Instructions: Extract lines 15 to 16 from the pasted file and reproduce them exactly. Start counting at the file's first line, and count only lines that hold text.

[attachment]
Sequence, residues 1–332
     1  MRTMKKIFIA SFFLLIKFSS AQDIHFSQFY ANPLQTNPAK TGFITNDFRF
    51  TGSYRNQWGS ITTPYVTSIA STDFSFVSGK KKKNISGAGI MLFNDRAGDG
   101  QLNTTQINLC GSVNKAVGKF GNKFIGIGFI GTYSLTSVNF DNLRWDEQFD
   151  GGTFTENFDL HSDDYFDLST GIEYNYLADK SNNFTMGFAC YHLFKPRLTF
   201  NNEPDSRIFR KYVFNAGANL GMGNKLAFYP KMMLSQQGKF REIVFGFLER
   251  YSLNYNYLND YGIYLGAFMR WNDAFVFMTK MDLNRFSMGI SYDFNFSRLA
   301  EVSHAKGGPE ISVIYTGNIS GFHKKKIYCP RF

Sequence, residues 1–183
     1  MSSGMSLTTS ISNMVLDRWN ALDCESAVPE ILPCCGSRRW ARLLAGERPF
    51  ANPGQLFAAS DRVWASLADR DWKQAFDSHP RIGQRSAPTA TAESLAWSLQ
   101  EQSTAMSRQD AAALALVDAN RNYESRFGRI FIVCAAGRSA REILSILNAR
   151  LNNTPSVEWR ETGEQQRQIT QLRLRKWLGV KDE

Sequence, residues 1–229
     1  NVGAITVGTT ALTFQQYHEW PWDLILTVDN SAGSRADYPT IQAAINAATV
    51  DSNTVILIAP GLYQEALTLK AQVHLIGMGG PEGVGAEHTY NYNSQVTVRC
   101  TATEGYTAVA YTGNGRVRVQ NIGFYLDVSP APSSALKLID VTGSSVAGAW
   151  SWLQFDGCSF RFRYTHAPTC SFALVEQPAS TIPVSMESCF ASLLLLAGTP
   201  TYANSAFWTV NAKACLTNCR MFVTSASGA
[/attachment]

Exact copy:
     1  NVGAITVGTT ALTFQQYHEW PWDLILTVDN SAGSRADYPT IQAAINAATV
    51  DSNTVILIAP GLYQEALTLK AQVHLIGMGG PEGVGAEHTY NYNSQVTVRC